116 3rd St SE
Cedar Rapids, Iowa 52401
DES MOINES — Transgender girls and women would no longer be allowed to play sports at Iowa schools, colleges and universities with other girls and women under a proposal that is one step from becoming law.
Having passed the Republican-led Iowa Legislature Wednesday, the bill needs only Gov. Kim Reynolds’ signature to become law.
Reynolds’ spokesman did not immediately respond Wednesday on whether she plans to sign the legislation into law. She has previously indicated support for the proposal.
Iowa would become the 11th state to ban transgender athletes from participating in athletics with other athletes of the gender with which they identify, according to the Movement Advancement Project, a nonprofit think tank that researches state policies.
The legislation passed through the Iowa House and Senate with only Republican support. Statehouse Republicans said the legislation is a matter of ensuring fairness in girls’ and women’s athletics.
“Fairness and equality are not the same thing,” said Sen. Tim Goodwin, a Republican from Burlington. “This bill is about fairness.”
Democrats argued, as have advocates for LGBTQ people, that the examples of transgender girls dominating girls’ sports are rare, and that these types of proposals can create a feeling of exclusion to LGBTQ people.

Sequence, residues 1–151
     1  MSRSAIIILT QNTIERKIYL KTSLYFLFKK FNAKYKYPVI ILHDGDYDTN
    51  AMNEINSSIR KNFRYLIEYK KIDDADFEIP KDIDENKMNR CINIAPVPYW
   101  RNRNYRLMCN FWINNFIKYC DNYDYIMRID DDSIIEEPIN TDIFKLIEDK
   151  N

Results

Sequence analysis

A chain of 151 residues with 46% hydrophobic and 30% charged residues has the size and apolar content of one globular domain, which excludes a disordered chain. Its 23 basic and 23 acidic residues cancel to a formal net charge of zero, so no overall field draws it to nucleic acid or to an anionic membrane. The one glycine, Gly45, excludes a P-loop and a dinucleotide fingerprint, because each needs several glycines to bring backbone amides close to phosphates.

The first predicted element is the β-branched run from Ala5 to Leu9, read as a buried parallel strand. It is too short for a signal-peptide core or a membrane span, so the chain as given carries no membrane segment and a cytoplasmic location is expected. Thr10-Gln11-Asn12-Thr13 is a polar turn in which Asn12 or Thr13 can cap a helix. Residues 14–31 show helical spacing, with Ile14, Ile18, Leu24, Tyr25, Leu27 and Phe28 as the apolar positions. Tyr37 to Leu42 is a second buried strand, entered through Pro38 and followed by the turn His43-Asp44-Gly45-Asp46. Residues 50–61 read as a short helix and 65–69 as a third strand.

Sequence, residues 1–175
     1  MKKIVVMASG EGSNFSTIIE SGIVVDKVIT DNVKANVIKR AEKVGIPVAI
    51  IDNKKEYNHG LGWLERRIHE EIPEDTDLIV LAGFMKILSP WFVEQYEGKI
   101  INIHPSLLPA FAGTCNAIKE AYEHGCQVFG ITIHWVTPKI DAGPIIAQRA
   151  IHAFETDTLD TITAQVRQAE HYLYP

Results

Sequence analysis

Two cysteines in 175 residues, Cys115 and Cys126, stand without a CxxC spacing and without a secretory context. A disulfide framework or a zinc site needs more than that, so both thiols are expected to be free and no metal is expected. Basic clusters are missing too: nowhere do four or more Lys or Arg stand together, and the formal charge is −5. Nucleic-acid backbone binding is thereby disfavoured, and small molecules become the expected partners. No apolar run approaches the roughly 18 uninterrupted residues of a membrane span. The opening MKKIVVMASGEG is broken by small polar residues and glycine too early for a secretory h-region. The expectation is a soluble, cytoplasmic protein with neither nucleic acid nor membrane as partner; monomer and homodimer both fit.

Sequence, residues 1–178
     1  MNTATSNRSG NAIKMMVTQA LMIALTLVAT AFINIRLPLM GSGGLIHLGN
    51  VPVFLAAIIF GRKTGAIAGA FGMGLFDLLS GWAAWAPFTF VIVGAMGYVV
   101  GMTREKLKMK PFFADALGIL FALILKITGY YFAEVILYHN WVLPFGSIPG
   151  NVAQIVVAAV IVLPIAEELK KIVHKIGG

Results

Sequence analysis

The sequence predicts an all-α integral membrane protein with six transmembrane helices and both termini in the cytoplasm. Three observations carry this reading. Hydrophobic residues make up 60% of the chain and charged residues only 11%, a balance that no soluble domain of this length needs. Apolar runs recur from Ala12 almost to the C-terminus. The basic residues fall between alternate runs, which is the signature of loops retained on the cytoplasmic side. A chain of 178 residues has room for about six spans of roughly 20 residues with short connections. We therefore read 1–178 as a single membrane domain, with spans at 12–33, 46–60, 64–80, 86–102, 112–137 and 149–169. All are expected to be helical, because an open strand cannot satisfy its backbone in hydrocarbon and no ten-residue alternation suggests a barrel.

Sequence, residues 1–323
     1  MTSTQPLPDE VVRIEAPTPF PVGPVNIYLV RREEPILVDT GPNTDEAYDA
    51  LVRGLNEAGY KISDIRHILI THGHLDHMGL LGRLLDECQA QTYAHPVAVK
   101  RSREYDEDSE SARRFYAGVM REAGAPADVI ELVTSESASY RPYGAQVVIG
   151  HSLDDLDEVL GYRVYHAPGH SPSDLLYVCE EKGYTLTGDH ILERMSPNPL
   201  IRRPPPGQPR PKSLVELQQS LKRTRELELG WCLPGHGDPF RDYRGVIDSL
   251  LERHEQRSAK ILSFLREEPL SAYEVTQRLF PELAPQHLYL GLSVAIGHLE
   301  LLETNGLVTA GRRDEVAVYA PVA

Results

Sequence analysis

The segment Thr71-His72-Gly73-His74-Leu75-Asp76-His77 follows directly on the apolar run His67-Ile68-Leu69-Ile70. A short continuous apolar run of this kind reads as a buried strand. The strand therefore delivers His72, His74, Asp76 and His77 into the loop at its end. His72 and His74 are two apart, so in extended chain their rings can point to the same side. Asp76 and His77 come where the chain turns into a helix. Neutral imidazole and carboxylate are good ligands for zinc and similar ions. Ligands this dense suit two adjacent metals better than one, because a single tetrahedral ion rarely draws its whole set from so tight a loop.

Zach Wahls, the Democrats’ leader in the Senate from Coralville, said reasonable people can address the potential issues of fairness regarding transgender girls competing in girls’ sports. He said the proposed legislation does not accomplish that goal.
“The bill we are debating today is not reasonable,” Wahls said during debate. “This bill is a political wedge being used to divide us. It does not have to be this way.”
Wahls also noted many schools have already dealt with the issue on a local level.
The Iowa Girls High School Athletic Union, which governs interscholastic girls high school competition in Iowa, has a transgender policy in place that allows transgender girls to compete in girls’ sports.
Jean Berger, executive director of the IGHSAU, on multiple occasions declined to respond to questions about the proposed legislation.
Critics of the bill, House File 2416, also noted it will place Iowa schools in the uncomfortable position of having to choose between complying with state and federal law, and warned that it will face a legal challenge that could be costly to the state.
“This bill discriminates against students and singles out school employees and faculty for punishment,” Mike Beranek, president of the Iowa State Education Association, the statewide public educators union, said in a statement. “It is a hateful attempt to intimidate both students and the education professionals helping them succeed.”
Similar bans in other states have led to legal challenges that have at least temporarily prevented the laws from being implemented until the courts rule.
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